When asked if BH was ever charged with attempting to escape, Hoadley said no. When asked if BH was ever charged with resisting, Hoadley said he didn't believe so, then explained that BH was turned over to the city-county narcotics unit and that charges are sometimes held back "based on cooperation."

It's Caldwell Police Department policy to document use of force incidents in a system called IAPro. When asked if that meant every instance of physical touch from an officer had to be documented, Hoadley said no.

"We make a vast amount of contacts throughout the day," Hoadley said. "We made a command decision as to what tings needed to be reported through IAPro."

Hoadley said he didn't enter the incident involving BH into that system because he didn't think the use of force was of the level that needed to be documented.

"It's not in there because it didn't happen," Hoadley said after the prosecutor asked if "unconstitutional use of force" was documented.

Hoadley said he agreed that every citizen and, he added, non-citizen, has a constitutional right to be free from excessive force. 

On the charge of tampering with a witness, Hoadley said he did not intend to harass, intimidate or threaten the career of Chad Hessman, an officer who testified on Wednesday that he was essentially ambushed by Hoadley and other officers about his conversations with FBI agents who were investigating Hoadley and Sgt. Ryan Bendawald. Hoadley testified that he told Hessman that the more people who were honest with the FBI the better.

During Thursday's testimony, Hoadley did acknowledge that he had become frustrated with the FBI investigation and "felt abandoned" by the Caldwell Police Department, a frustration he expressed in an August 2021 email to his supervisor that said, in part, that if the police department or other city offices, including HR, didn't do anything to put an end to the investigation, "I will take a drive over there and put a stop to it myself."

Hoadley testified that wasn't intended as a threat, rather to "get some answers" in the wake of what he said were rumors, questioning, "the limiting of what we can do," and word getting out about investigations.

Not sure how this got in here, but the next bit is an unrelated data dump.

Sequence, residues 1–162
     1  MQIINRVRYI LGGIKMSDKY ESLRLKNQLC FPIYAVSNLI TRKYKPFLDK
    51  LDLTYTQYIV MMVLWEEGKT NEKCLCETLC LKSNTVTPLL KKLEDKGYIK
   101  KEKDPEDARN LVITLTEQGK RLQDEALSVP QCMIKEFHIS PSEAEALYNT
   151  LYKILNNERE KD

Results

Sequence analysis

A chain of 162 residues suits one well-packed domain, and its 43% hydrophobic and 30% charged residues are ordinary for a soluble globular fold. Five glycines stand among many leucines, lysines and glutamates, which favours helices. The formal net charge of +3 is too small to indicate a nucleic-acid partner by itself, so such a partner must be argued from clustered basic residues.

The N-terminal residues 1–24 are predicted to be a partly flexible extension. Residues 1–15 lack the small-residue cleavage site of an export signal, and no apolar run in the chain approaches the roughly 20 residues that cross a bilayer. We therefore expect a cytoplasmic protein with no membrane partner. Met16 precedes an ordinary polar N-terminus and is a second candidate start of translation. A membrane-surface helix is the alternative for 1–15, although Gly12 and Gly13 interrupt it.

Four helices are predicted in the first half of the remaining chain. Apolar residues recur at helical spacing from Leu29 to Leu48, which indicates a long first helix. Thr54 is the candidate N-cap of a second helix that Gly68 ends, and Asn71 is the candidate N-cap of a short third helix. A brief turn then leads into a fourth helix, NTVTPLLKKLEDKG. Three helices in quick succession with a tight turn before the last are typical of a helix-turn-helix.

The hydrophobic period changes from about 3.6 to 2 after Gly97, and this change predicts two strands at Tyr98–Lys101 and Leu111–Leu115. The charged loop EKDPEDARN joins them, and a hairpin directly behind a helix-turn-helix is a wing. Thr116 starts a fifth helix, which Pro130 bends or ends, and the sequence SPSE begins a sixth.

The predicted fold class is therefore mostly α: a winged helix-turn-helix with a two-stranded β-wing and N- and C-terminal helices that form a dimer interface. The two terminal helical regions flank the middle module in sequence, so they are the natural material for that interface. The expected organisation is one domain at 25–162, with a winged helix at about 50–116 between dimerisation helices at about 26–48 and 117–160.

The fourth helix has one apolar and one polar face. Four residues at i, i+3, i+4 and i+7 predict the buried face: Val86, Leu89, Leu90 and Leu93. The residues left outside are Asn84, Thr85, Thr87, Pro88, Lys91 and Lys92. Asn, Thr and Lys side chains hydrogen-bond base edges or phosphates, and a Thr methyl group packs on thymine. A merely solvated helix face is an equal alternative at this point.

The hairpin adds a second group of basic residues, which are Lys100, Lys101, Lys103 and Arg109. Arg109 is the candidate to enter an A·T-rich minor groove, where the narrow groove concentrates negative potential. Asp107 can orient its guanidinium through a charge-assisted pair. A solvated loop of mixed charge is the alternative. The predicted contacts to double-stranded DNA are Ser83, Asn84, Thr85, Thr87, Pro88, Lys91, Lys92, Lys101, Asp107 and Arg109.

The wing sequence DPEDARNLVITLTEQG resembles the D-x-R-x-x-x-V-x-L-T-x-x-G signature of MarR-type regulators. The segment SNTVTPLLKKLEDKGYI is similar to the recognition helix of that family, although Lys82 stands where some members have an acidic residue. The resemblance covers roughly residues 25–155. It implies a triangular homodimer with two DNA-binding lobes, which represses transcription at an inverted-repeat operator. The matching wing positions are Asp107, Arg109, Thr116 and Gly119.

"We had gang members and drug dealers on the streets saying they had been talking to the FBI and saying I'm going to prison," Hoadley said. "Going to work was really painful. I was starting to not like my job as a law enforcement officer."

Hoadley testified that in 2021, he met with human resources on two occasions to ask about the resignation process. He was placed on paid leave in January of 2022, the same month he said the police chief notified him that federal agents were seeking a grand jury indictment. Hoadley was terminated on May 3.

Hoadley's trial is the first since 2004 of any Idaho officer charged in federal court with violating someone's constitutional rights. In the 2004 case and in a similar case in 2000, the officers were acquitted.

KTVB will be in court for Friday morning's closing arguments. Audio and video recording are not permitted in federal court, but as KTVB reporters have done the first four days of the trial, they will again be posting courtroom developments in a live blog via Twitter.

Blogs from the first four days of the trial are posted below:

DAY 1: Trial for former Caldwell officer underway in federal court in Boise

DAY 2: Day 2 of trial for former Caldwell officer Joseph Hoadley

DAY 3: Trial of Joseph Hoadley Day 3 live blog

DAY 4: Trial of Caldwell ex-officer Hoadley Day 4 live blog